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Sensi Cooks With Cannabis

Thursday, August 22, 2019

Though it's a herb, cooking with cannabis takes more than just drying, grinding and sprinkling. This lesson was taught to Thursday Food at the launch dinner for The Rock's newest medicinal cannabis house — Sensi. Sensi Medical Cannabis House is under the umbrella of Marigold Projects of which Lloyd Tomlinson is the honcho.

Dubbed “Cannabis and Cuisine”, the three-course dinner was catered by Chef Oji Jaja. Jaja creatively used cannabis infusions in each course and balanced the natural flavours of the herb with those of his ingredients. It takes a skilled cannabis cook to achieve both balance in taste and potency.

Cannabinoids like THC and CBD are chemical compounds that are secreted by cannabis flowers. THC (tetrahydrocannabinol) and CBD (cannabidiol) are just two of the 113 identified cannabinoids found in cannabis plants. CBD is non-intoxicating while THC is responsible for cannabis' psychological effects. Cannabinoid compounds provide relief to an array of symptoms including pain, inflammation, nausea and anxiety. Cannabinoids are fat-soluble; therefore, any recipe that includes butter, coconut or olive oils can be cannabis-infused.

However, making cannabis-infused oil/butter requires a bit of CXC (yes, we're ageing ourselves) chemistry. The first step in making cannabis-infused oil/butter is decarboxylation. Decarboxylation (say that three times fast) is a chemical reaction which releases the carboxylic acids from cannabinoids to activate the sensimilla. To decarboxylate cannabis, bake the cannabis at 250°F for around an hour.

Jaja's first course was an organic mixed green salad that comprised CBD oil, charred avocado, grape tomatoes, diced cucumber, smoked olives, microgreens breadfruit croutons, shaved parmesan and passion fruit vinaigrette. The breadfruit croutons were fried in CBD butter, and the vinaigrette was made with CBD oil.

Next in cooking with cannabis is matching foods to a strain's terpenes. What are terpenes, you ask? No worries, we won't leave you guessing.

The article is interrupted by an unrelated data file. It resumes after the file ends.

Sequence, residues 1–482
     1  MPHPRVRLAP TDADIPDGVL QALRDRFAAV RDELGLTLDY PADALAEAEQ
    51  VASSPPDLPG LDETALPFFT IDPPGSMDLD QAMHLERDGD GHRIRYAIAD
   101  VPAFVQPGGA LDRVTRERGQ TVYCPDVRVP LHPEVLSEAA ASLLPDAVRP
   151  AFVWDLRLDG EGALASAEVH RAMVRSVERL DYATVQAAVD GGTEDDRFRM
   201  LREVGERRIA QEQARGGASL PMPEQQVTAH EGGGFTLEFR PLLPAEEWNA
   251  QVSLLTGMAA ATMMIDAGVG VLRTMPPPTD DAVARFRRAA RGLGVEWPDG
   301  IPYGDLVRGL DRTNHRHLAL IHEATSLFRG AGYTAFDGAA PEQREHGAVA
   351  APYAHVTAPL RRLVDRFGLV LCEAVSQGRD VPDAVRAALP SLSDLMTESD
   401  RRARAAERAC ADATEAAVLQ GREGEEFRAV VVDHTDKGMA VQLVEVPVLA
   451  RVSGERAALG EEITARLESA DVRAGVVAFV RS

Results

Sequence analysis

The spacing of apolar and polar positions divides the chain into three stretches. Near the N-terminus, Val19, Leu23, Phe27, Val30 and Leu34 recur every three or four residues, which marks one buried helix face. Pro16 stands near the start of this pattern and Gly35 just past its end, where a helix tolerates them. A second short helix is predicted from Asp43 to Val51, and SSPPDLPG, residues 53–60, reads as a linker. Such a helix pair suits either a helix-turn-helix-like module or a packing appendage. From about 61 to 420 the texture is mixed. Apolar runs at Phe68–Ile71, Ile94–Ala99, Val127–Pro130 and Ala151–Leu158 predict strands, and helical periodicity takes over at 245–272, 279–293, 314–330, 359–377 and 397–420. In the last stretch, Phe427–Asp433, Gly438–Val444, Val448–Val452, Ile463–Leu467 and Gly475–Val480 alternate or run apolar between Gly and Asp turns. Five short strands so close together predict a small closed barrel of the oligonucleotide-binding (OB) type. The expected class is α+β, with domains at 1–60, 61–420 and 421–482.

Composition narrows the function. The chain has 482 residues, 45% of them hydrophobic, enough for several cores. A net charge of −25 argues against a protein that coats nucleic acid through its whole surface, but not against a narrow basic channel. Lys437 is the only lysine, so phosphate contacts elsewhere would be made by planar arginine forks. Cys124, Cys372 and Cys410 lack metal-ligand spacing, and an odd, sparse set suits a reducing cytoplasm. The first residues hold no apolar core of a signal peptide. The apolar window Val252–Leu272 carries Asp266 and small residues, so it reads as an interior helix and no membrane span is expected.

Terpenes are what gives strains their identifiable scents. Fun fact: the low temperature of the decarboxylation process ensures that the aromatic and desirable terpene characteristics are not burnt away. So, whether it's the orchard grove brightness of Citrus Punch or the earthiness of Marigold (one of Sensi's proprietary strains) ensure, like when using rosemary, oregano or lavender, that the herb's flavours enhance the dish, not work against it. Jaja accomplished this brilliantly with his second course of pan-seared salmon.

A perfectly-portioned salmon fillet was seared in CBD butter, and the entrée was complemented by forbidden rice and quinoa risotto, sautéed vegetables, and a cream sauce that was luscious and velvety.

For many, their introduction to cannabis-infused foods was via a dessert, most likely a brownie. Leave it to Sensi and Jaja to offer guests something more refined than a dense square of chocolate cake (to be clear, we aren't knocking brownies!) Guests indulged in passion fruit panna cotta with mixed berries and CBD brittle. It was so good some guests had seconds.

If this feature has piqued your interest to cook with cannabis, head to Sensi at the Pulse Centre on Trafalgar Road, where the team of well-informed budtenders will be pleased to guide you as you take your cooking to a higher level.